For some reason it did not make any difference what I said.  I did it--so how could I talk.  But that was my point and I didn't want to see him end up like me.  I loved him like a brother and wanted better for him, but he did it anyway.  Leif's life-style caught up with him and he fell into a rut.  I finally had to step in.

    Leif was becoming too much to put up with.  All he wanted was that wicked drug.  One day I put my foot down.  When he was out doing lines with his friends I began throwing his stuff out the front door.  I got most of it out too.  When he got back he found his things on the front yard and that I had taken his house key off his key ring before he went out.  The result was a rude awakening that worked.

    Leif got off the drug before it killed him, but the awakening could not prevent the fall caused by the casino atmosphere.  So much was spent on cocaine and other toys that his bills became too much for him to handle once school had started.  The result was his dropping out to pick up more days of work.  (If people could only learn from my mistakes!)


    Around March or April of 1987, the blackjack dealers who were hired in 1982 from Stockton started getting fired one by one. The word was out and they were gunning for our little clique (none of which would conform).  I remember the day Mike, from Stockton, got canned.

    I was sitting in the cafeteria when he walked in and shook my hand while saying how great it had been working with me but that he had just been fired.  His roommate had gotten the ax not too far back. Mike's story was interesting.  He was standing on a dead game when a couple walked up and sat at opposite ends of the table.  Mike thought it a perfect time for a joke and said while laughing, "What, are you two divorced?"  The couple complained to management and he was fired for that.  He thought he was set up.  It took a couple of months and a few incidents to lead up to that day.  With me it took almost a year.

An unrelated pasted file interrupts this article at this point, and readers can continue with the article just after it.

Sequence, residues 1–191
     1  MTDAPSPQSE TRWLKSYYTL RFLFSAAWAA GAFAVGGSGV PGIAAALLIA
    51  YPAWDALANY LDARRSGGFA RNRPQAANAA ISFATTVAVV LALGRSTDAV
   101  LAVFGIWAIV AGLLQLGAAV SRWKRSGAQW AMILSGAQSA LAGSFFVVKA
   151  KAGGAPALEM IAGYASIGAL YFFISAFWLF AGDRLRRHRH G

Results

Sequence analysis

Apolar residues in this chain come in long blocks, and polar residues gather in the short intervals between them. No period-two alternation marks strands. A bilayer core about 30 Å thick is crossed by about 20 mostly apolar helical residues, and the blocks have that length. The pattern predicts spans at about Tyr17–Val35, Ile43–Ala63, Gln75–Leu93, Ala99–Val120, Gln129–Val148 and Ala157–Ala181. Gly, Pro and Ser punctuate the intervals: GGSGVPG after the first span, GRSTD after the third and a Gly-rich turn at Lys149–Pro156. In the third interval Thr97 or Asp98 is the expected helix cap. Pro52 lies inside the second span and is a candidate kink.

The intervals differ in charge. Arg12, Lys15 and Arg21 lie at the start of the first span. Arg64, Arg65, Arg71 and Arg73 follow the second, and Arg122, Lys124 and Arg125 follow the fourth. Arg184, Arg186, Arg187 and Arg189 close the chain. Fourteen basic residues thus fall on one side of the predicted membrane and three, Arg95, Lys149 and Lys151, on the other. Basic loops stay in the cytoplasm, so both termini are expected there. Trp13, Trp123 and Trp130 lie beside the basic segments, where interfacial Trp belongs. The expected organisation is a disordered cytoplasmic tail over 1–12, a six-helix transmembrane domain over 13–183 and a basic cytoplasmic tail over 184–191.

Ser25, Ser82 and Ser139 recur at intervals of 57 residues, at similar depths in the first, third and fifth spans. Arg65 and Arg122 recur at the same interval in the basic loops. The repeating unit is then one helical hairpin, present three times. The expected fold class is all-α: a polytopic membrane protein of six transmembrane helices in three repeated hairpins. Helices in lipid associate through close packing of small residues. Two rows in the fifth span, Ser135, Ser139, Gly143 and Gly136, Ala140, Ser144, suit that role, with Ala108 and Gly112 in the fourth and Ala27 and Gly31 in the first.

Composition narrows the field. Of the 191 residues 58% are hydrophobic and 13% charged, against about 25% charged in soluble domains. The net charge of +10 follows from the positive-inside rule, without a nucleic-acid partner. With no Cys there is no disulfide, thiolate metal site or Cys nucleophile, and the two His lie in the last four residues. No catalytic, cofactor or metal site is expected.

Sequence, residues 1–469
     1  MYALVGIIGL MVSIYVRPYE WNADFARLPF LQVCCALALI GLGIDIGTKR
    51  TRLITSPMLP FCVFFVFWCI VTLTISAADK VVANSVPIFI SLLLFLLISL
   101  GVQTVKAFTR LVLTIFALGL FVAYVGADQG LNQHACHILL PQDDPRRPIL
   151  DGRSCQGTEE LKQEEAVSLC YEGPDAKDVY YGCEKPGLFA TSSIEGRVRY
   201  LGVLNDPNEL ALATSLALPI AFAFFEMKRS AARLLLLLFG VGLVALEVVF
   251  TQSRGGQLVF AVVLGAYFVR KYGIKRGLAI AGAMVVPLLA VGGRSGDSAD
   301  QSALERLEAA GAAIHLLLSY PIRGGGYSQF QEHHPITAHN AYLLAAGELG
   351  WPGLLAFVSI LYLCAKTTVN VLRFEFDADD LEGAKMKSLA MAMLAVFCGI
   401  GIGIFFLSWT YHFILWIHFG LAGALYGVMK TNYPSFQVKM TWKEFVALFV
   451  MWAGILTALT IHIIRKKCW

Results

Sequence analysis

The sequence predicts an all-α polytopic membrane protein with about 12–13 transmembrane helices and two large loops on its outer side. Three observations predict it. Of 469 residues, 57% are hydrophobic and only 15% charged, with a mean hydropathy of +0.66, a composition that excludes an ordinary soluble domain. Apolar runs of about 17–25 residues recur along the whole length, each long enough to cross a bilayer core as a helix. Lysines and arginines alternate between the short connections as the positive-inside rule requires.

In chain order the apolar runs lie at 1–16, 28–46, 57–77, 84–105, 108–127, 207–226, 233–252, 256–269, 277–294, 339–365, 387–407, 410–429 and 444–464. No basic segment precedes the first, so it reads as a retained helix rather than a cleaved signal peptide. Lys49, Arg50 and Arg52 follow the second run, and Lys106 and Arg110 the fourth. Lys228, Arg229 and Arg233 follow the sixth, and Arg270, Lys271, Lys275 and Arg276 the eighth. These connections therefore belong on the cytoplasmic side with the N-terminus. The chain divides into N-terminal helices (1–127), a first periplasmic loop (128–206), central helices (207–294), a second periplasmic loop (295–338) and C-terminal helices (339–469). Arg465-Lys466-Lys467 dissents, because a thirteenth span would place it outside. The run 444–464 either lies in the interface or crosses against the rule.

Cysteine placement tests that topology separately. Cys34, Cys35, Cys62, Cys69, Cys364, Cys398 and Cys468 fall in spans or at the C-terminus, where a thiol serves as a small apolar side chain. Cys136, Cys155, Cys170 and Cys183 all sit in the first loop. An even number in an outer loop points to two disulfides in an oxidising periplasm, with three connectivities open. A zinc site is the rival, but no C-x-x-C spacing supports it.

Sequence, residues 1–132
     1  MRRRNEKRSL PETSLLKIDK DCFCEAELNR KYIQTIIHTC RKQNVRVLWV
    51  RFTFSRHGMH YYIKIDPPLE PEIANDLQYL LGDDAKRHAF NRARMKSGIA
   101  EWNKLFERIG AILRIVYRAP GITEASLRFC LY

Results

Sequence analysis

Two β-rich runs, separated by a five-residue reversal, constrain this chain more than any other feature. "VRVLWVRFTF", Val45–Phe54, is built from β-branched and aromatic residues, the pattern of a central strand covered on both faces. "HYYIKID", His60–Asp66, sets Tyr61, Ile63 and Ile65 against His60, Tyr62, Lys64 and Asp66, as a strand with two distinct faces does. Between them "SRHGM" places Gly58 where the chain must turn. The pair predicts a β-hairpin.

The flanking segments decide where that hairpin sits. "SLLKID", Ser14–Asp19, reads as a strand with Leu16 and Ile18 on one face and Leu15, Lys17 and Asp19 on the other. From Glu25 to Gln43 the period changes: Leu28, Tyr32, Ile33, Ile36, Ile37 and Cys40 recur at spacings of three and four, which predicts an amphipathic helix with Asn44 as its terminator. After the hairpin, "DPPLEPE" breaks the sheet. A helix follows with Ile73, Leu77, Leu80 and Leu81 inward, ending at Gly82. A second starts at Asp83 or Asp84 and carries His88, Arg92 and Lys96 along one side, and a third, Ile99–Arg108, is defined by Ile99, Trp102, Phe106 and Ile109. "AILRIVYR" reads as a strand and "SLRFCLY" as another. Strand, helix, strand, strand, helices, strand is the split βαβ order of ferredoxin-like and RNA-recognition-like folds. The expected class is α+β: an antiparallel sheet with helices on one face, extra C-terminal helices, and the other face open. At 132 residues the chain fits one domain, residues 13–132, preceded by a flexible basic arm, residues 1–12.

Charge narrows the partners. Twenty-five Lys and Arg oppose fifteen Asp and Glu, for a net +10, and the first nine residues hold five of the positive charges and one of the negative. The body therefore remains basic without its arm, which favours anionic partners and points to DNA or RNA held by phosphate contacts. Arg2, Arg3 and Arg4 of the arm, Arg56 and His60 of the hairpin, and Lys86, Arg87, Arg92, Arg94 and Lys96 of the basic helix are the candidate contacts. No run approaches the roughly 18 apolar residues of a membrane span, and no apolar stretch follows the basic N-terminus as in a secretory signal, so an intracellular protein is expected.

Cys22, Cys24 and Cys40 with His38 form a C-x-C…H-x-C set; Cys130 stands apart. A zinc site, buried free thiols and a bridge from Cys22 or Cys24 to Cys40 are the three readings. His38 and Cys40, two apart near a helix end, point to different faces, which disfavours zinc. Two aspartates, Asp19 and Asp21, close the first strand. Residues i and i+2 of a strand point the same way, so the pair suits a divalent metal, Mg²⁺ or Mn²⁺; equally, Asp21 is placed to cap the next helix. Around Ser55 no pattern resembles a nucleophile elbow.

The first incident happened one day in pit 4a.  I was dealing on a game with a player who was betting $500 on every number.  Each bet he made after the come out roll was $2750 across.  On or about the sixth time I didn't repeat the bet loud enough.  It was at that point I was getting bored.  I had been dealing a couple of years and knew what I was doing.  The Box asked me what the bet was.  I thought he was kidding.  I looked down at him and said, "Twenty-seven, fifty across.  Come on, what did you think it was?"

    Bobby Tingle was standing Floor.  By this time his patience was running thin with me after unsuccessfully trying everything to get me to turn their way.  But I could not be bought or sold.  He leaned over at me and asked in and angry voice, "What did you say?"  I repeated myself.  I didn't do anything wrong.  He exploded, "Did you say something derogatory to your Boxman?  You said something derogatory to your supervisor.  That's it, I'm writing you up for that."  And he did.  I had no idea he hated me until this happened.

    I received a disorderly conduct for that and they called it insubordination.  If I were to get another within a year I would be suspended.  Not six months later I got another one.

    It was a Saturday or Sunday afternoon in pit 4b and this time Eddie Course was standing Floor.  I was the relief dealer.  At twenty minutes past 2 pm. I arrived at the game from my first break.  Eddie was standing on the side by the ropes.  Before I could even tap in on stick, he called me over.

    Eddie put his hand on my shoulder and said, "Now I know you're going to come up from your breaks on time to get my man out."  His man was some new dealer who was also black.  Eddie seemed very prejudice against whites.